• Glacier Bay National Park: This park is located near Juneau, and many people actually visit it when they take Alaskan cruises because cruise ships are allowed into the bay. In order to get there, we decided to fly from Anchorage to Juneau via Alaska Airlines, stay overnight in Juneau, then go as a day trip, returning to Juneau for a second night before flying back to Anchorage. Unfortunately our plans got messed up because it was very foggy the morning we were supposed to take a small propeller plane from Juneau to the small town of Gustavus where you can access Glacier Bay. Our flight was delayed and then ultimately cancelled, which meant we would miss our boat tour that day. After much finagling of plans, we learned that we could fly to Gustavus via Alaska Airlines, whose jet could fly in weather that the propeller plane could not. So we were fortunately able to get refunded for our original flight, book a new flight, switch our boat tour to the next day, make arrangements to stay overnight in Gustavus, and switch our return flight to Anchorage to still make it back in time for work on Tuesday! Since weather is known to be foggy and rainy in Juneau, we would recommend planning to stay overnight in Gustavus and fly there via Alaska Airlines to help ensure you get to go! Despite all the hassle, this was a beautiful National Park. We cruised through the bay on a ferry and saw lots of marine wildlife, including whales, and of course beautiful glaciers!
  • Gates of the Arctic and Kobuk Valley National Parks: These are two of the most remote US National Parks, both of which are above the Arctic Circle. There are a few different ways you can visit these parks, but we opted for the most feasible option of taking a flight-seeing tour to both in the same day. This was primarily just flying over, but we did make a brief landing in each park. While this was the best option for us, rather than say, a week long pack-rafting trip down a river or doing a multi-day trek, it still was not cheap or easy to arrange. Visiting these parks cost us over $3,600 between the two of us! Here’s how we did it: first, we drove from Anchorage to Fairbanks and stayed the night in Fairbanks. We flew via small plane with Wright Air Service from Fairbanks to the village of Bettles (this town is pretty much just an airstrip with less than a dozen buildings, mainly there for people to use as a base for Gates of the Arctic, rafting, hunting, and fishing). We booked the flight-seeing tour with Brooks Range Aviation which lasted about 4.5 hours. Then we rented a cabin for the night with Arctic Haven in Bettles, and we ate dinner at the Bettles Lodge. The next morning, we flew back to Fairbanks and drove back to Anchorage. This involved a lot of planning (and definitely a lot of money). We were just so thankful that the weather was on our side and none of these flights were cancelled, because as we know that can happen very easily in Alaska! This was definitely a cool experience. We loved getting to see some of the more remote parts of Alaska from the air, and it was neat to visit a small village in the middle of no where. But, given how difficult and expensive it was to plan, we probably wouldn’t recommend this trip to most people unless you have a goal of visiting all of the National Parks like we do!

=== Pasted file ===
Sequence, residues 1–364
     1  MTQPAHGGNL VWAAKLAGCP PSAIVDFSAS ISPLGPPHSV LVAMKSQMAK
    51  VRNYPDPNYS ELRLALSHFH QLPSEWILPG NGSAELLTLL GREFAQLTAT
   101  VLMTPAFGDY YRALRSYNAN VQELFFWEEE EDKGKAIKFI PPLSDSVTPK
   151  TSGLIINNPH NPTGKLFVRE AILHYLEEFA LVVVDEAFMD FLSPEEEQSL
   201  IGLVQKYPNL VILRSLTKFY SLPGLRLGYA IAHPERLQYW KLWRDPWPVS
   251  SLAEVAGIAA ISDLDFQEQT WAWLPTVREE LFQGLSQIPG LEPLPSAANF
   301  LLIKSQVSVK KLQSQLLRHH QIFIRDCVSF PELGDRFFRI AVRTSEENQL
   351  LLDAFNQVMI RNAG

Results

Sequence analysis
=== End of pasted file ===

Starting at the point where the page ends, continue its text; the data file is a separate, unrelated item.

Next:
Other Adventures:

  • Kayker’s Cove in Seward: We were fortunate to be invited by our boss to the company retreat at a place called Kayaker’s Cover on our very first weekend in Alaska! We drove to Seward, took a water taxi over to the cove, and stayed 2 nights at a dry lodge there (and some people tent camped on the property as well). We kayaked, had bonfires, and relaxed in nature without cell phone service. This was such an awesome introduction to Alaska, and a great way to get to know some of our co-workers.
  • Fishing at the Russian River: We wanted to give salmon fishing a shot, so we purchased some gear and drove down the Kenai Peninsula to the Russian River on a couple of occasions. This was quite an interesting learning experience and was different than any other kind of fishing we’d ever done. Unfortunately we weren’t too successful the times that we went fishing on the Russian River, but it was fun, and we can’t complain about fishing in a beautiful, clear river with beautiful mountain views. But if you decide to go fishing in Alaska for the first time, it’s probably a good idea to get a guide to help you.
  • Deep Sea Fishing in Valdez: Many people recommended going on a guided fishing charter to fish for halibut in Homer, however we made some friends who live in Alaska and they invited us to rent a boat together and go fishing in Valdez. We were very successful fishing for halibut, rockfish, flounder, and other species out in the bay, and we had a blast! But fortunately for us our friends knew what they were doing, otherwise renting a boat on our own wouldn’t have been a good option. We actually got to visit Valdez on two different trips. It’s a beautiful place, and the gorgeous drive there is half the experience!
  • Visiting the town of Whittier: I went to Whittier twice, once with my mom and once with Jared. My mom and I went on the popular “26 Glacier Cruise” which was amazing and rivaled the boat tours we did at Kenai Fjords and Glacier Bay. We got lucky with weather and had great views of the marine life and a lot of glaciers! When Jared and I returned, we did the Portage Pass glacier hike which was beautiful! Whittier is also a quirky little town, and it’s neat to go through the mountain tunnel to get there!